A new focus for climate philanthropy: interview with Florence Tercier and Anne Henshaw

Charles Keidan

Within the field of climate change, the issue of climate justice has been neglected. The Oak Foundation, however, believes that issues of climate justice are central to the whole climate change question and is poised to launch a new climate justice initiative. Florence Tercier and Anne Henshaw of the Oak Foundation talk to Charles Keidan about the thinking behind the new fund, and their hopes for more resources to be focused on climate justice and more attention given to local communities at the sharp end of climate change.

Anne Henshaw

Anne Henshaw

How big is Oak Foundation in terms of the level of spending and endowment?
Florence: It doesn’t have an endowment but the grantmaking budget is slightly over $200 million per year shared between all programmes. The resources of Oak Foundation originated from an interest in the Duty Free Shoppers business that Alan Parker helped to build.  The foundation is family-led and professionally staffed.  The board consists of six trustees drawn from the three generations of the family. We work internationally in very diverse programme areas addressing a range of social and environmental issues. There are seven programmes and the new climate justice initiative combines the forces of several of them.

Can you tell me about the evolution of the climate justice initiative?
Anne: In 2014, Oak made a large multi-year grant to the ClimateWorks Foundation to focus on climate mitigation.

Florence Tercier

Florence Tercier

The trustees also wanted to ensure that the human dimension and the social justice issues the foundation cares about weren’t lost in the work. So Kathleen Cravero, president of the Oak Foundation, created a cross-programme steering committee made up of the directors of our programmes in international human rights, housing and homelessness, child abuse, issues affecting women, and the environment programme. We have spent the last two years developing a vision for how we define climate justice and a related grantmaking strategy drawing from a range of experts in the field. Based on that process, we built the strategy around two key pillars of work.

‘We see adaptation and mitigation as intertwined, so we wanted to make investments that recognized that connection. We saw the Paris Agreement as a real opportunity to advance the agenda.’

Essentially, we see adaptation and mitigation as intertwined, so we wanted to make investments that recognized that connection. We saw the Paris Agreement as a real opportunity to advance the agenda, so one of our pillars was to amplify the voices of some of Oak’s core constituencies including youth, women and indigenous people. We recognized that they are not only affected by climate change, but also the ones that can come up with solutions that will meet the needs of their communities. So we made an initial round of grants in 2015 to that end. That’s the first pillar.

We then spent the second year developing a strategic framework that would direct grantmaking to communities on the ground to help them build their resilience to climate change in the Arctic, East Africa and the Bay of Bengal. The strategy has four main strands – food security and food sovereignty, water access, migration and relocation, and sustainable livelihoods. Again, the focus is on helping youth, women and indigenous people build a movement that will amplify their voices and help to develop their resilience to climate change.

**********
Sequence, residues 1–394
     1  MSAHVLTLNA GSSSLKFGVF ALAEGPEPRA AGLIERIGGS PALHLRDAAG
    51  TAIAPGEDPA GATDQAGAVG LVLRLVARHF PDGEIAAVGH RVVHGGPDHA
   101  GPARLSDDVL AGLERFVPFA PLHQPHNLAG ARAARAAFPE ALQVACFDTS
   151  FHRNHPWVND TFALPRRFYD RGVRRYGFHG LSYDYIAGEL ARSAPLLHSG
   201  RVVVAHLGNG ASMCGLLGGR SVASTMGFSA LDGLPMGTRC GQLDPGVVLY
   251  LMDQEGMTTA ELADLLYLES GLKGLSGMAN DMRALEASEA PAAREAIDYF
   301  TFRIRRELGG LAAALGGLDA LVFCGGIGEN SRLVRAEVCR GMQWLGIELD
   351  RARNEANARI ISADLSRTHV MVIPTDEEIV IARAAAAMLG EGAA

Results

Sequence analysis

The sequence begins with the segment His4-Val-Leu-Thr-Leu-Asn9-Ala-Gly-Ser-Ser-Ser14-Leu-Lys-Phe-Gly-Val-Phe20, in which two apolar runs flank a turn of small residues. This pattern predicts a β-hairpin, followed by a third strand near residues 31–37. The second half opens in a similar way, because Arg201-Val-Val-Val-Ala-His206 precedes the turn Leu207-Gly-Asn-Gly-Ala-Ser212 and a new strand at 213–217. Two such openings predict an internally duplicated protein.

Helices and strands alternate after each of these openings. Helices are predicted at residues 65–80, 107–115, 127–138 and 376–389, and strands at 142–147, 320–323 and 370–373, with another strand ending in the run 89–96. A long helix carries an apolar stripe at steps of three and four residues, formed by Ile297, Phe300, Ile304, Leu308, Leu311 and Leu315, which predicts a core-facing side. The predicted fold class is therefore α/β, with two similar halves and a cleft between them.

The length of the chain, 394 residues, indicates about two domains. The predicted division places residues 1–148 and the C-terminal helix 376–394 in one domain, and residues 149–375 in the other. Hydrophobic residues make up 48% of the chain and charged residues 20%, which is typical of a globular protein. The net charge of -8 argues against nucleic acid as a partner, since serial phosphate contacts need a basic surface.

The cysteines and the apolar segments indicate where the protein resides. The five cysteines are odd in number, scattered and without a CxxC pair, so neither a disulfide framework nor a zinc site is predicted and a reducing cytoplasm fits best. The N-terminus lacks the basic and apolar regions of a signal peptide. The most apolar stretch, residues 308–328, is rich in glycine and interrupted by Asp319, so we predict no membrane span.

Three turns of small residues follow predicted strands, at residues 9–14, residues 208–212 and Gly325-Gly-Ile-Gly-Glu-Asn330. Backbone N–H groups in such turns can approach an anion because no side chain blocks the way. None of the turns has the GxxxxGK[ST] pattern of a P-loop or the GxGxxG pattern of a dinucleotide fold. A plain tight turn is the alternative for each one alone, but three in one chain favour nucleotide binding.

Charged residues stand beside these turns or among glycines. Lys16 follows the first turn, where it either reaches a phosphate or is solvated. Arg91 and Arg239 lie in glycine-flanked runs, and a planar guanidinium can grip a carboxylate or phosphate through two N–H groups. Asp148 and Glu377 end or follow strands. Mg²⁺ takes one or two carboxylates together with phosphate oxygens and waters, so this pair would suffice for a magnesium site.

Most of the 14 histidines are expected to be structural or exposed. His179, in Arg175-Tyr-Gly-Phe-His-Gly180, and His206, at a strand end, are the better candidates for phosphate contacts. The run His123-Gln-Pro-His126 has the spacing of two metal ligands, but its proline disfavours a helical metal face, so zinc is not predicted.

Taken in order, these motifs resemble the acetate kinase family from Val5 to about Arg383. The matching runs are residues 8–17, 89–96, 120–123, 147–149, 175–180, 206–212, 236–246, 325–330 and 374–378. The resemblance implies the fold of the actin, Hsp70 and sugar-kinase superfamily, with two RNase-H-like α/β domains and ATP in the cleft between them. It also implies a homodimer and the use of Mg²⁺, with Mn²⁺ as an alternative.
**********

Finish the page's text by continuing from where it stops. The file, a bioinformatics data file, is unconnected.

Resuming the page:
How did you decide to focus on Bengal, East Africa and the Arctic?
Anne: The trustees didn’t want to expand beyond the existing footprint of our current grantmaking and we wanted to choose areas where the impacts of climate change were really clear.

The work in the Arctic is very aligned with climate justice strategy.

The work in the Arctic is very aligned with climate justice strategy.

 

And how will this work?
Florence: The first two years were really to build the strategy and to do the first round of grantmaking to support groups to make their presence felt in Paris. Now that the strategy has been approved by the trustees, Anne is in the process of creating a resilience fund that is outside Oak.

Oak has numerous partners in its climate change work. Do you see this new entity as independent but working alongside your existing partners, or could it find itself within one of those partners?
Florence: The new fund will be working with Oak and existing partners but the ambition is also to find new partners to pool funds and to have more impact, particularly funders that have strategies that align with Oak Foundation’s strategy.

‘We want to work with other foundations to build the field overall.’

Anne: A lot of climate funding is purely focused on mitigation and I think Oak sees a real opportunity to build the social justice element of climate philanthropy. We want to work with other foundations to build the field overall, and hopefully leverage some of these new funds around adaptation. I’d also like to add that the way we’ve structured the strategy recognizes the intersection between different fields. We think that this is where philanthropy is going, and we need to work across sectors. The elements of justice – whether you’re talking about women’s rights, human rights or indigenous rights – are all connected, and we think that through the lens of climate justice, we can bring some of these things together to really advance the rights of people across the board.

Florence: In addition to building on our thematic and geographic experience, we also want to build on our approach to philanthropy. Oak programmes stress movement building and how you actually go from the grassroots and build the capacities, connect groups and equip them with leadership capacities, and we’ll be applying this approach to the climate justice initiative. So we will be looking at how groups have been working to advance and claim their rights and how that experience can be combined with the adaptation models that they are trying to implement. We plan to launch the initiative later in 2016.

I see it’s a three to five year programme. How much of Oak’s funding will be allocated to it?
Florence: The level of funding and investments for this particular initiative is USD $25 million over five years.

And that will be alongside the existing environment work on conservation?